Primidone is a barbiturate derivative that is closely related to phenobarbital. It is a colourless, tasteless substance that forms crystals and is metabolised to the active metabolites phenobarbital and phenylethylmalonamide (PEMA). Primidone is widely used in veterinary medicine for the control of epileptiform seizures, but does not appear to have an advantage over phenobarbital despite its greater potential to cause hepatotoxicity. However, it appears that certain individuals may respond more favourably to primidone than phenobarbital.
Mechanism of Action
Barbituates act by depressing the central nervous system (CNS) by acting at the Gamma Aminobutyric Acid A receptors (GABAa). They mimic and enhance GABA, which is the principle inhibitory neurotransmitter in the CNS. Once bound to the GABAa receptor they reduce the rate of GABA dissociation and thereby increase chloride conductance. This results in hyperpolarisation of the membrane and reduced neuronal excitability, giving a sedative effect. However, as the concentration of barbituate increases, it starts to have a direct effect on the chloride conductance and this is thought to bring about anaesthetic effects. Barbiturates depress the motor centres, conferring anticonvulsant activity, and the sensory centres, inducing anaesthesia.
In man, 60-90% of an oral dose of primidone is absorbed from the gastointestinal tract, with serum levels peaking about three hours after administration. Absorption is thought to be similar in animals, but primidone is metabolised once absorbed. Oxidation at carbon 2 results in the formation of phenobarbital, and cleavage at the same site gives PEMA. Primidone, phenobarbital and PEMA all possess anticonvulsant activity, but 85% of primidone's activity in dogs is due to the phenobarbital it forms. This is because the potency of primidone and PEMA is one-thirtieth that of phenobarbital, and phenobarbital has the longest half-life and so accumulates to the highest concentrations.
Some vets use primidone in patients which are refractory to phenobarbital at maximum doses. The efficacy of primidone in this capacity has not been proven, and may simply be due to animals receiving primidone metabolising the drug to greater concentrations of phenobarbital than those generated from administration of straight phenobarbital. In most dogs, however, there is no advantage in using primidone over phenobarbital for seizure control, and there are added side effects. Primidone is also more expensive than phenobarbital, but in some countries may be subject to lesser degrees of control and record keeping.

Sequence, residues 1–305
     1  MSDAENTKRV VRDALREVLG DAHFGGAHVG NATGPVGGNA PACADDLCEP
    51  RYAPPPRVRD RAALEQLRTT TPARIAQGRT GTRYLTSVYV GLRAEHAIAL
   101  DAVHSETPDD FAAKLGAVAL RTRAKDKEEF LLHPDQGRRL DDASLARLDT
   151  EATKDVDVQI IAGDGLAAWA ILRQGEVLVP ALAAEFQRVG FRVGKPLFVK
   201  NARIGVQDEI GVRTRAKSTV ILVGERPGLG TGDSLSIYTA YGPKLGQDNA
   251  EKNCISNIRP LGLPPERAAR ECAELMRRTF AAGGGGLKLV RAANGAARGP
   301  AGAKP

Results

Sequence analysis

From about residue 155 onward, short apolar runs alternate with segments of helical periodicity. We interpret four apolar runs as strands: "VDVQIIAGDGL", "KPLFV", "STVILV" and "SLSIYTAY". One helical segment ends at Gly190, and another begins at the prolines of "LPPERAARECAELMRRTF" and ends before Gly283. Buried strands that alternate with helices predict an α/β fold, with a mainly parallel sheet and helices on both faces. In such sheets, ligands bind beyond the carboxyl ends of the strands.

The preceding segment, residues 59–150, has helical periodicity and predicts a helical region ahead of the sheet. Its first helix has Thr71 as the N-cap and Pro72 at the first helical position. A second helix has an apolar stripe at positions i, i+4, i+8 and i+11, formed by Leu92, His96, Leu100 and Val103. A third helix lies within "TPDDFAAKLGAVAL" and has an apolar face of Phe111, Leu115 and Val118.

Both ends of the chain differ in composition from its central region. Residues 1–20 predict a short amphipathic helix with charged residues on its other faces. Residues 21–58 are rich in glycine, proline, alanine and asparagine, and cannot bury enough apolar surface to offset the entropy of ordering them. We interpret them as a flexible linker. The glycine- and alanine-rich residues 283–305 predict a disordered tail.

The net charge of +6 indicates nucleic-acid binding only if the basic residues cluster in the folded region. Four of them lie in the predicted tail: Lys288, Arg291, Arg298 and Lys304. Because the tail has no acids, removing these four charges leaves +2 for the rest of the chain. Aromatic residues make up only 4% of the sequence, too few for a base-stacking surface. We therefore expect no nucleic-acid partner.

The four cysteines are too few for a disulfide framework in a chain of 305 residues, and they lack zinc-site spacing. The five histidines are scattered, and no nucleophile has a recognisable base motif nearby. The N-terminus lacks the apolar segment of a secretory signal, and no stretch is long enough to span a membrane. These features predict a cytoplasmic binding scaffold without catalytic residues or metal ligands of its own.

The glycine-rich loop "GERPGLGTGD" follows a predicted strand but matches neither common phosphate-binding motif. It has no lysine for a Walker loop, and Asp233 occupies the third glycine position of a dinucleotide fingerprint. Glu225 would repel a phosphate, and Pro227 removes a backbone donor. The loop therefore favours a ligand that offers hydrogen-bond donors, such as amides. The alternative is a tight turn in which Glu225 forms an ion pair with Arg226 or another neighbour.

Cats metabolise primidone to phenobarbital to a lesser extent than dogs, so it follows that the drug may be less effective and more toxic. Primidone is not recommended for use in cats.
Side Effects and Contraindications
Since a large proportion of primidone is converted to phenobarbital, most adverse effects are the same as for this drug. These may include polyphagia, polyuria and polydipsia, which are usually transient and disappear with time. A sedative effect may also be seen. Additional side effects of primidone are nausea, drowsiness, ataxia, nystagmus and, rarely, dermatitis. In man, megaloblastic anaemia may develop from primidone use, and so the drug should be stored securely out of the reach of children.
Primidone is associated with a higher incidence of hepatotoxicity than phenobarbital: hepatic necrosis, fibrosis and cirrhosis have all been associated with chronic use of primidone. One study reported that up to 14 in 20 dogs develop liver toxicity following primidone administration. It is therefore important that liver enzyme assays and tests of liver function are regularly performed to monitor toxicity when primidone is prescribed to veterinary patients.
Primidone should not be used in combination with chloramphenicol, as chloramphenicol is a potent inhibitor of microsomal enzymes and so may lead to primidone toxicity. Signs include severe central nervous system depression and inappetance. Primidone has also been reported to cause intrahepatic cholestasis when used in combination with phenytoin.
Manufacturers do not recommend the use of primidone in cats, although studies have suggested that primidone is probably safe in this species.
|Primidone Learning Resources|
Search for recent publications via CAB Abstract
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- Riviere, J E and Papich, M G (2009) Veterinary Pharmacology and Therapeutics, Wiley.
- Adams, R H (2001) Veterinary pharmacology and therapeutics, Wiley-Blackwell.
- NOAH (2010) Compendium of Data Sheets for Animal Medicines.
- Merck & Co (2008) The Merck Veterinary Manual (Eighth Edition), Merial.
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